Signs of Life in Making a Living?
by Randall Amster
I’ve noticed a subtle shift in recent years that seems relatively minor but is perhaps quite revealing of larger trends. People rarely seem to ask the question anymore, “what do you do for a living?” Instead, it’s usually expressed in more transactional terms as, “where do you work?” or “what’s your job?” By itself this appears insignificant, except that when coupled with more macroscopic shifts in the nature of employment across a wide range of fields, it says something about the erstwhile notion of “making a living.” Indeed, with increasing routinization and the advent of 24/7 technology, work is becoming less about our living (as in, someone pursuing their “life’s work”) and more about trying not to let it kill us.
With all of the post-election analysis about the issues of the “working class” as a determinative factor, we now find ourselves in a liminal space between the reality of economic dislocation and the fantasy of redemption. How much disbelief needs to be suspended in order to buy the notion that (a) outmoded industrial jobs will literally be coming back, and that (b) a billionaire real estate magnate is the one to do it? The burgeoning Cabinet picks and associated rhetoric should be all working people need to read the tea leaves. As such, we are steadily traversing the fine line from fake populism to genuine dystopianism.
With all of this afoot, the gap between reality and fiction gets fuzzier by the day, making it easy to understand the appeal of post-apocalyptic narratives in literature, television, and film. Recent years have seen an upsurge in the genre, and likewise an escalation of real-time events that seemingly chart a parallel course. From perpetual war and climate destabilization to fears of viral outbreaks and all-too-frequent public shootings, we can readily discern an arc of demise culled from the daily news cycle.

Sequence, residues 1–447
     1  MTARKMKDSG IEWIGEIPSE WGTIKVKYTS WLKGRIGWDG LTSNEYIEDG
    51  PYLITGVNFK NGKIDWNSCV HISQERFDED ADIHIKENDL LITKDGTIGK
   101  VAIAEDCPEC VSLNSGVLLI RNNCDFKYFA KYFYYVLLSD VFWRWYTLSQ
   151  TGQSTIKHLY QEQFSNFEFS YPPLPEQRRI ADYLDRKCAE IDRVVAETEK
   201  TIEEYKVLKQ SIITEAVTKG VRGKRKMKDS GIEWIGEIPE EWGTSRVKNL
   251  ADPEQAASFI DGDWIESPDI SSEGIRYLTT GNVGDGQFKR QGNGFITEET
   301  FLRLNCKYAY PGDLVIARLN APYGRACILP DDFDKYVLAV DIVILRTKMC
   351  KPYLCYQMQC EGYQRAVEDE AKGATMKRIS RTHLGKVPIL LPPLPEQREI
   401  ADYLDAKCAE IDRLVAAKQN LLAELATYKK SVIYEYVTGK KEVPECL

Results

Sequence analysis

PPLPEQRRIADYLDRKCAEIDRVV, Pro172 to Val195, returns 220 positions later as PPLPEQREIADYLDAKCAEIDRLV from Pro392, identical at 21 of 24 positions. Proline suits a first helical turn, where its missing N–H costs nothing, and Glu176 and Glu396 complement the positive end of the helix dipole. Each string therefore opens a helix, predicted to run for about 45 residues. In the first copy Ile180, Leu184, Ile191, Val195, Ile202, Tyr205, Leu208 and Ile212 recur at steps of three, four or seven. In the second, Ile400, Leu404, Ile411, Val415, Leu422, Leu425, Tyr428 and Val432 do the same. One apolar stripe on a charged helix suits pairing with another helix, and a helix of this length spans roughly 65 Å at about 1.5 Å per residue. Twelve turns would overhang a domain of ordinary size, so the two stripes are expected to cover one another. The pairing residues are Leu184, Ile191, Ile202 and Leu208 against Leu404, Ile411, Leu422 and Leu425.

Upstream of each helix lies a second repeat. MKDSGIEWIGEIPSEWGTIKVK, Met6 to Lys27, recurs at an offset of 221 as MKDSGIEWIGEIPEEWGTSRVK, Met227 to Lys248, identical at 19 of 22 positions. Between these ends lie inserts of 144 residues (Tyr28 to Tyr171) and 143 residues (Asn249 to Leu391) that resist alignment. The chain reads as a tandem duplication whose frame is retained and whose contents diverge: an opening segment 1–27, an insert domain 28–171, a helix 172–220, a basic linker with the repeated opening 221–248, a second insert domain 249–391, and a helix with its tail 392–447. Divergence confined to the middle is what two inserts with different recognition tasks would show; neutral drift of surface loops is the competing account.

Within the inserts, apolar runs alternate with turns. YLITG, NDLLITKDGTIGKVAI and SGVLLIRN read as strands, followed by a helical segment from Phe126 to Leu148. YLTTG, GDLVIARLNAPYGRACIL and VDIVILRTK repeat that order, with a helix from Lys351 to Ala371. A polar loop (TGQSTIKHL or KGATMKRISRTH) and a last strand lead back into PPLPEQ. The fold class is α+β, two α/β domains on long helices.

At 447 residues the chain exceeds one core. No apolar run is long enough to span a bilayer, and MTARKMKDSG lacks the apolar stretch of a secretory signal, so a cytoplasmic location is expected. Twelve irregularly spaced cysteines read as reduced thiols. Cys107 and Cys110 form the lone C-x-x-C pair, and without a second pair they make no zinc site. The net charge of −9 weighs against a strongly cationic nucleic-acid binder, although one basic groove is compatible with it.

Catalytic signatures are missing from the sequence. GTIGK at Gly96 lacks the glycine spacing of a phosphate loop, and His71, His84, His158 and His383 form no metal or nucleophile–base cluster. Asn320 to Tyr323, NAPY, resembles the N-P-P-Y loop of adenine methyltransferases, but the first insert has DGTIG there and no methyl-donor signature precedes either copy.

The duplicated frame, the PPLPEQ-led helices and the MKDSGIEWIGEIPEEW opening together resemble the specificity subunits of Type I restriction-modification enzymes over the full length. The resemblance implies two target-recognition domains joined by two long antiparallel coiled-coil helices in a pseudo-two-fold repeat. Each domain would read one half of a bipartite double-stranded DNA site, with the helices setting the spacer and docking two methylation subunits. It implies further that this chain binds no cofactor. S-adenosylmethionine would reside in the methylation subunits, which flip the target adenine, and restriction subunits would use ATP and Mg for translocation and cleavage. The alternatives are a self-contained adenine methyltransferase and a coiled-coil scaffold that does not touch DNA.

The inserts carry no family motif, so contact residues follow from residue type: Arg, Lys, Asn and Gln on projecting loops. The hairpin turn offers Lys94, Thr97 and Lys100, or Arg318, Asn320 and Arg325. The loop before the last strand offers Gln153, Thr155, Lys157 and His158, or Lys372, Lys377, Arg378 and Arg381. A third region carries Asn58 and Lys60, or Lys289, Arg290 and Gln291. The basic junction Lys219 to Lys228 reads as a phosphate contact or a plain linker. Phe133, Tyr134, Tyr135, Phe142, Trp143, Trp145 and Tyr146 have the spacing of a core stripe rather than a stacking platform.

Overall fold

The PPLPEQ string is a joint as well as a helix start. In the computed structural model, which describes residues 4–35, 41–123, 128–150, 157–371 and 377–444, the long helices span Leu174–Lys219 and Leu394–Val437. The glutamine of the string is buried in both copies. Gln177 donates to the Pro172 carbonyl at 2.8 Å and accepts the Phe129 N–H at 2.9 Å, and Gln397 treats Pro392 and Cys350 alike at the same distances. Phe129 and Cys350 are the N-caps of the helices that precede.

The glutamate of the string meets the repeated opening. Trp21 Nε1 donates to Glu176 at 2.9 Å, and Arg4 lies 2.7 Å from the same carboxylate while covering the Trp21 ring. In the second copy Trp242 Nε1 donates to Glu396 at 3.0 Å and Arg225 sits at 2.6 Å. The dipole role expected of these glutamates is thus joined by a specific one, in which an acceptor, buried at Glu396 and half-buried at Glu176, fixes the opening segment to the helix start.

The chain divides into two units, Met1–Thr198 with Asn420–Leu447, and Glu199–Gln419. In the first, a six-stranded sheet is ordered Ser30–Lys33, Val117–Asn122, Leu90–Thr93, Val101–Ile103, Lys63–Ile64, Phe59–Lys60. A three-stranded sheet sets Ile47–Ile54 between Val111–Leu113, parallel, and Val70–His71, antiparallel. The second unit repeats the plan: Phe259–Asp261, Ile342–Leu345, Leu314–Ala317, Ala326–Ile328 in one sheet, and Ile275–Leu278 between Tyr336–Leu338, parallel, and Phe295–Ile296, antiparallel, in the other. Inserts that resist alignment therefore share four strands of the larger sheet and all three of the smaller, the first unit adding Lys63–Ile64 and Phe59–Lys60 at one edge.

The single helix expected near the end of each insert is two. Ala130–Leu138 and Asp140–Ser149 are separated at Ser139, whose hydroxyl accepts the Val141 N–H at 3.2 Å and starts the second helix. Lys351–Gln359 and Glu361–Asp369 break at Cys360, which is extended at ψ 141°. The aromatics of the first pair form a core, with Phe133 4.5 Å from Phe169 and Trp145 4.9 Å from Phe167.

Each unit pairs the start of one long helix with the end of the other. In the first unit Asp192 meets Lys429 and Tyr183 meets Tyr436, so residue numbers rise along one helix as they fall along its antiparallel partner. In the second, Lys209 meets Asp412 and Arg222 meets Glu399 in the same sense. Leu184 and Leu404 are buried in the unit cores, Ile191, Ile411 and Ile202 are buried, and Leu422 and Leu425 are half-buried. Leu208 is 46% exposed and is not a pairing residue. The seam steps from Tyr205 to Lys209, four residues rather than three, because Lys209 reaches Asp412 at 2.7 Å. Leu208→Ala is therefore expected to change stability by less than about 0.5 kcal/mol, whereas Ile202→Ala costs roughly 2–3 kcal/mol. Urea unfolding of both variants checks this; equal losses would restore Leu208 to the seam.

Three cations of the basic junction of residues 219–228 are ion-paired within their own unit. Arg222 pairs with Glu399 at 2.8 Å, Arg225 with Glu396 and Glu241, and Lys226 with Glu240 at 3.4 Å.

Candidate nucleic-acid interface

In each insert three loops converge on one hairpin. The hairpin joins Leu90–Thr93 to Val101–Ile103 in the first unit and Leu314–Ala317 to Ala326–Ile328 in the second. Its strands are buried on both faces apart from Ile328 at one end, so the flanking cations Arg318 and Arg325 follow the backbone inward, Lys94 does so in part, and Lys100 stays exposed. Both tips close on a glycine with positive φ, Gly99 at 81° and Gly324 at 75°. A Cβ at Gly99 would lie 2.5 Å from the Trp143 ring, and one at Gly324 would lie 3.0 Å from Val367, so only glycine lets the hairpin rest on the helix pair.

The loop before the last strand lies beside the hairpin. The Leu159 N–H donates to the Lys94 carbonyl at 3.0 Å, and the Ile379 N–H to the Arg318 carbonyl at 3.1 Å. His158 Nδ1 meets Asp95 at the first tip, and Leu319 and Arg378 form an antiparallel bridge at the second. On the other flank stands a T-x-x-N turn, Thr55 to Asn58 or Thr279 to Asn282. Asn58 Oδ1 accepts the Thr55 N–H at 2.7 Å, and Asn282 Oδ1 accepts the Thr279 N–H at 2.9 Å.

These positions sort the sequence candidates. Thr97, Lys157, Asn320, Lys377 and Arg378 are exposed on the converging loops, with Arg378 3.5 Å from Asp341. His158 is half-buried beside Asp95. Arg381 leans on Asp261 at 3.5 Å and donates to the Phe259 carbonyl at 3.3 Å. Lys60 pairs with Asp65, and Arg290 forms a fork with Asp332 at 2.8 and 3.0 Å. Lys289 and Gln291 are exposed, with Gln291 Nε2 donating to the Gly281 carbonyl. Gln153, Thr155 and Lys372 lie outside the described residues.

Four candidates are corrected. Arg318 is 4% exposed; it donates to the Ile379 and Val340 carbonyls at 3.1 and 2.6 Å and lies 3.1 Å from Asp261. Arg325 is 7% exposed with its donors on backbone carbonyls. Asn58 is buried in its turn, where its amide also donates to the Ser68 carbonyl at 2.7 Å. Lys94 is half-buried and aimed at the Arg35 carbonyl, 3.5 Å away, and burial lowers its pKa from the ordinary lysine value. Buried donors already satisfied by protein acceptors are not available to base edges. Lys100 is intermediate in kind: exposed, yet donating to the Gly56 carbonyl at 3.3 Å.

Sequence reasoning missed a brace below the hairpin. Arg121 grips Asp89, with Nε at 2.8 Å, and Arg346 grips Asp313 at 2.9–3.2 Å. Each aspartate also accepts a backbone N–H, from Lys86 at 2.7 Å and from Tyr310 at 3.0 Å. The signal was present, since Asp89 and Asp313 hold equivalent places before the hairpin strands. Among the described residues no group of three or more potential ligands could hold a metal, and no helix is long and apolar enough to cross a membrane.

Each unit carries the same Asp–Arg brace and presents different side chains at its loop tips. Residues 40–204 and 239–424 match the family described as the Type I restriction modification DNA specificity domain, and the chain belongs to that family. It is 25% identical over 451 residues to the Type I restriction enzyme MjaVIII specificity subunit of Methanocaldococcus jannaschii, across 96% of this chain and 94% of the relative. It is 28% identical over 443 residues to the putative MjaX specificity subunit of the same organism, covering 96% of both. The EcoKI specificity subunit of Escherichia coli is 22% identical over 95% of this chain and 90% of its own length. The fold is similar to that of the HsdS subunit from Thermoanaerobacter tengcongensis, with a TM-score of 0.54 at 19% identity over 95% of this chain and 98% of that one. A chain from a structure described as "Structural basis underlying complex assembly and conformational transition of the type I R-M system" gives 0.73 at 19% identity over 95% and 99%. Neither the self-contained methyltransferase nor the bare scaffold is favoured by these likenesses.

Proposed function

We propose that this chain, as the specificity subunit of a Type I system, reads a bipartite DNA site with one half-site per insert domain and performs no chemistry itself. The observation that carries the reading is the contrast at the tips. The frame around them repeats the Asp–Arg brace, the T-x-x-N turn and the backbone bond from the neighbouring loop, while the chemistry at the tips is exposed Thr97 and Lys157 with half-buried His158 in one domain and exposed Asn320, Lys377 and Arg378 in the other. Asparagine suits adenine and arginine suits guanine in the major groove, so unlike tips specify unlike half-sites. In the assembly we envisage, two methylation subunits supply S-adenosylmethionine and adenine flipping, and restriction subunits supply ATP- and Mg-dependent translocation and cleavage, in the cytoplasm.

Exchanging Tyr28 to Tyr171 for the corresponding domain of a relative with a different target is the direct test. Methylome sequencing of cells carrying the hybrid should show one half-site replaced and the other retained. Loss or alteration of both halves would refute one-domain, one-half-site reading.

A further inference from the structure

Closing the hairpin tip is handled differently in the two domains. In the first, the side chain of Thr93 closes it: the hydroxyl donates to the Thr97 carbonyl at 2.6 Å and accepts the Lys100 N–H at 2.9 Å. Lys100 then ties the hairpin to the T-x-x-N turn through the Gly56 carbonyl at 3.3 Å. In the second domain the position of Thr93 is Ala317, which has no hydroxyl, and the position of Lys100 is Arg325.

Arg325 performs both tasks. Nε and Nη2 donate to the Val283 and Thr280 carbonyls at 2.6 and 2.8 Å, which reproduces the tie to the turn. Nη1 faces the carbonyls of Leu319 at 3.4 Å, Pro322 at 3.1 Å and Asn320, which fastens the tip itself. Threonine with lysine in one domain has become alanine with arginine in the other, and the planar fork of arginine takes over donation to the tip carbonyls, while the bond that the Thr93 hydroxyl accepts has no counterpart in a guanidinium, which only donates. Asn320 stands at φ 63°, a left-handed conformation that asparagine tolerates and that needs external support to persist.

In this light, stories that show people coping with the end of days are likely to resonate — all the more so when they depict humankind in its full range of complexity, from selfishness and brutality to selflessness and solidarity. On some level even relatively comfortable office workers and the like can relate to the dualistic sense of dog-eat-dog and shared struggle that typifies many workplace environments. After hours spent snarled in commuter gridlock or milling upon crowded yet lonely city streets, it’s not surprising that people can find a chord of familiarity with the ascending zeitgeist of the “zombie apocalypse.”
But the appeal of such narratives potentially goes even deeper than mere resonance as a function of identification. Despite the grim and gory nature of most post-apocalyptic tales, there’s another level on which they serve to cultivate a kind of fantastic projection to a life with actual meaning — even if that meaning is bound up with the specter of nonexistence. Juxtaposed with the drudgery and irrelevance of much that composes modern life, the very thought of a significant rupture/rapture might almost bring a sense of relief, both in terms of anticipation finally fulfilled and a long-awaited break from the slow disaster in which we find ourselves. The apocalypse isn’t just an off day; it’s also a much-needed day off.
No wonder workers in the U.S. in particular are palliated and titillated by such fantastic depictions. Recent decades, roughly coinciding with the advent of the digital age, have seen American workers putting in longer hours for diminishing wages and with less job security (if their jobs even still exist at all). Demands on peoples’ time have concomitantly increased, as one often comes home not to “down time” but to the pile-up of emails and other perpetual forms of workflow that require our constant attention. The “smart” devices that pervade the landscape today, bound up as they are with diversions and various forms of infotainment, also increasingly bind people across an array of professions to being “on call” whenever and wherever they are. The colonization of our lives is not merely due to technology, but more so a byproduct of our work. This is what it takes to stay current in a time of breakneck change.
Beyond the number-crunching realities of “too much to do and too little time” lay even deeper forms of insecurity. Many jobs are “at will” or contractually term-limited, with either truncated or nonexistent benefits and little or no retirement packages included. Experiences of burnout, stress, anxiety, depression, exhaustion, and a host of more tangible physical manifestations are common complaints. People are regularly asked to take up more tasks as workforces are downsized, lost positions are never backfilled, available resources in the workplace are retrenched, and perks are eliminated. And these are the relatively lucky workers, at least remaining employed in an uncertain time when many are not.